On April 20th we'll see a potential FOTY candidate as teak tough Japanese veteran Nihito Arakawa (32-6-2, 18) makes his European debut, facing off with Ukrainian puncher Denys Berinchyk (10-0, 7) in Kyiv. The bout, for the WBO International Lightweight title, looks like it could be an all out war, and is a bout that bout men will see as their best opportunity of moving towards a world title fight.
The 37 year old Japanese fighter is a man coming to the end of his long career, which began more than 15 years ago. During his career he has had some very memorable nights, in both wins and defeats. His highs have included winning the Japanese Lightweight title in 2010, when he beat Akihiro Kondo in the first of two bouts between the men, or when he won the OPBF title in 2011, or his FOTY bout with Omar Figueroa in 2013, or when he became a 2-time Japanese champion in 2016, or when he won the WBO Asia Pacific title in 2017.
Despite all the highs Arakawa has had a hard career. Yes he's tough, as we saw against Figueroa, but at the age of 35 with 40 bouts and over 280 rounds under his belt it's hard to know how much he has left in the tank. We've seen other tough Japanese veterans, such as Hidenori Otake and Akihiro Kondo, suffer recent stoppage losses and it could well be Arakawa's turn following a very tough, hard and punishing career.
At his best Arakawa was a work horse. He was a bit slow, a bit clumsy, but full of energy, sharp with his left hand, set a good work rate, incessant and incredibly tough. His will to win made up for his technical limitations and he was always going to be bringing the fight in the later stages, no matter how the earlier rounds had been. In recent bouts, such as his 22018 draw with Rimar Metuda and his narrow win over Anthony Sabalde, there has been a clear sign of decline to Arakawa.
In Berinchyk we have a very highly regarded 30 year old who was a former amateur standout, but hasn't yet made his mark on the professional ranks. As an amateur he competed at the 2012 Olympics, where he won a Silver medal, and the 2011 World Amateur Championships, where he also picked up a silver medal. He was tipped to be a major star in the pros when he began his professional career back in 2015, but issues with activity and promotional backing have slowed his ascent, despite good wins over the likes of Lorenzo Parra, Allan Vallespin and Jose Luis Prieto. Since the start of 2016 he has fought just 7 times, horrific inactivity for an advanced prospect.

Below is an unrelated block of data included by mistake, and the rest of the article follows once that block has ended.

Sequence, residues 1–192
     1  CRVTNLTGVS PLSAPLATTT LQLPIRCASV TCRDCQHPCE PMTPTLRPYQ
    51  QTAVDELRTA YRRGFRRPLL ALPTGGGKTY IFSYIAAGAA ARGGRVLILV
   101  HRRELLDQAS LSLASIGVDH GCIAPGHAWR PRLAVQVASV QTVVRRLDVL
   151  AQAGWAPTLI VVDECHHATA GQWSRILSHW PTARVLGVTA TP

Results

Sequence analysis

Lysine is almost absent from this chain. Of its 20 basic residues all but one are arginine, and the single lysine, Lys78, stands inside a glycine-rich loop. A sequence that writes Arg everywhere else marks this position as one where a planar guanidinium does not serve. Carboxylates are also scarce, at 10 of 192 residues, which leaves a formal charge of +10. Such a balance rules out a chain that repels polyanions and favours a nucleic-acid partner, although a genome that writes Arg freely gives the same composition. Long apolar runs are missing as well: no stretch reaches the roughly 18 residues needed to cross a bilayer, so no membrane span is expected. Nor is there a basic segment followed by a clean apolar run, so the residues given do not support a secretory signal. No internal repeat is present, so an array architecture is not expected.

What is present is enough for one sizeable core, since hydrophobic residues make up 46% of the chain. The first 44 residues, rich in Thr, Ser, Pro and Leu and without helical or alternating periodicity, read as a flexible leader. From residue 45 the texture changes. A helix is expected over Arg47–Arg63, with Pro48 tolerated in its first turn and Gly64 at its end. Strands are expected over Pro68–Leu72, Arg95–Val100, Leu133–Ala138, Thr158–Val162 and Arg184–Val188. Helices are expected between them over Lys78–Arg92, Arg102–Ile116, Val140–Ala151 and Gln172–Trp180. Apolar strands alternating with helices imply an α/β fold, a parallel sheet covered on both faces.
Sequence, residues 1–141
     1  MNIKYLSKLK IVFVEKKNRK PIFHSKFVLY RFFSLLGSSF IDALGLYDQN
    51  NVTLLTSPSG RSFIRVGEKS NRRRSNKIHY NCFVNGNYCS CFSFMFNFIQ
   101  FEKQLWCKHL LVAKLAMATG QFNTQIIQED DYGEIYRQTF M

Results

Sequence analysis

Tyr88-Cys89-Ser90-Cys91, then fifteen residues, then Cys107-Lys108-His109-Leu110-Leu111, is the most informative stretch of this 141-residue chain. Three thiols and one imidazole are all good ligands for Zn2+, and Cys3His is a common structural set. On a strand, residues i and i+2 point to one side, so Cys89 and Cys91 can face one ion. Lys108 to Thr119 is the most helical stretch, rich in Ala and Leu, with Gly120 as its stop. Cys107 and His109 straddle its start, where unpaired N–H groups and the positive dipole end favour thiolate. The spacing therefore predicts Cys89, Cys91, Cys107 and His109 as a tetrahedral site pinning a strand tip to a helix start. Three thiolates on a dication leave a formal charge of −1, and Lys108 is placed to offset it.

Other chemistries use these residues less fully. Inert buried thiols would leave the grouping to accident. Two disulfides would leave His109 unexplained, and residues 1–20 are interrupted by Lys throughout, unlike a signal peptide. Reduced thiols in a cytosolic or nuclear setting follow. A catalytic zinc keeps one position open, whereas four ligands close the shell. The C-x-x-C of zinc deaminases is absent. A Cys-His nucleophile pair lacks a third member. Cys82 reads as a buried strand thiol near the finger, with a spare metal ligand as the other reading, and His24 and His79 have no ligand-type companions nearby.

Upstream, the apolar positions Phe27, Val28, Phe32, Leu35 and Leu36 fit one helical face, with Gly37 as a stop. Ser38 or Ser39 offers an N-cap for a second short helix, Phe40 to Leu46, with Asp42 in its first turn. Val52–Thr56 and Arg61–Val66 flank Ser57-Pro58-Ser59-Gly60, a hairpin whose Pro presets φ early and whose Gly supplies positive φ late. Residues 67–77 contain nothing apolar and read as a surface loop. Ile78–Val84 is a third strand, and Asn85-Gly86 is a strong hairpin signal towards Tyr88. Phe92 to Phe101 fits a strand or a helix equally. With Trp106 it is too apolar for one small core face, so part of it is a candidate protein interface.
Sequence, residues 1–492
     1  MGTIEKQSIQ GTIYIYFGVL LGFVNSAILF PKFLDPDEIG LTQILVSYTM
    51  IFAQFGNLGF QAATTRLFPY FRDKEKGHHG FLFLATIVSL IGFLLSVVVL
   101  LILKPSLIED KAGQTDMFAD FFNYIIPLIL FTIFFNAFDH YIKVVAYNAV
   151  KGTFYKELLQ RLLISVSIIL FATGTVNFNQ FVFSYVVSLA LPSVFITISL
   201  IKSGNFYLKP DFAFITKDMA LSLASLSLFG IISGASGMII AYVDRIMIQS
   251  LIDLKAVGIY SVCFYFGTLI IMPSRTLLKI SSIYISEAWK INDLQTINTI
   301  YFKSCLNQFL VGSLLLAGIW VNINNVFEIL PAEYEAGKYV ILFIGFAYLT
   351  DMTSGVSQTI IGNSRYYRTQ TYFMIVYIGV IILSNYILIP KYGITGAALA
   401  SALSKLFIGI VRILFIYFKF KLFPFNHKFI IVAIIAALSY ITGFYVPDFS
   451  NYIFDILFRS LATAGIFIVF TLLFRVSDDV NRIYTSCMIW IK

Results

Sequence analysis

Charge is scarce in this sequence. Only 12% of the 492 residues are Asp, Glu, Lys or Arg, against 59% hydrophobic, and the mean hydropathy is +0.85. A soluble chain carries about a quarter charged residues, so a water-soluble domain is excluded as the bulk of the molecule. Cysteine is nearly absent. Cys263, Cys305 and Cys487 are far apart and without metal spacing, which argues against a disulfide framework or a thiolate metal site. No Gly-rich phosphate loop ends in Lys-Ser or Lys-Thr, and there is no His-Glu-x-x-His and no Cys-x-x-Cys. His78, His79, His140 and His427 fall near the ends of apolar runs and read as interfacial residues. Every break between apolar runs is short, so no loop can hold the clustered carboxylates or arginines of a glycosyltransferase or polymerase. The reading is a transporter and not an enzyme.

At his best Berinchyk is an aggressive pressure fighter with serious power, good technical skills and sharp, clean punching. Sadly with his inactivity, ring rust and the fact he is now 30, it's hard to know what he's actually got in the locker. Is he going to be able to shine when someone is in his face, like Arakawa, or is he going to come undone under pressure? Can he fight at a high work rate? If he's half the fighter he was an amateur he should be strongly favoured here but there is still a number of question marks over his head.
Despite Berinchyk so far failing to shine as a professional he'll know this is a major chance to make a mark for himself and will be really up for it. We suspect that Arakawa, even in his prime, would have struggled with the physicality and technical abilities of Berinchyk. We're expecting to see the fight start competitively, but as it goes on the younger legs and better skills of the Ukrainian will tell and he'll take a clear, yet competitive, decision victory.
Our prediction is a clear but hard fought, and incredibly exciting, unanimous decision win for Berinchyk here, as he looks to make a statement and become another Ukrainian mixing on the world stage.
The Champion Carnival comes to the fore again on April 11th when Japanese Lightweight champion Shuichiro Yoshino (9-0, 7) defends his belt against mandatory challenger Accel Sumiyoshi (11-4-3, 3). For Yoshino this will be his 4th defense, and he will be looking to extend his current stoppage run of 5 stoppages, whilst Sumiyoshi will be getting his second title fight, following a loss in an OPBF title fight back in 2015. On paper this looks like a rather weak mandatory defense for the unbeaten and highly talented champion, though the challenger is much better than his record suggests, and he could prove to be Yoshino's toughest challenge so far.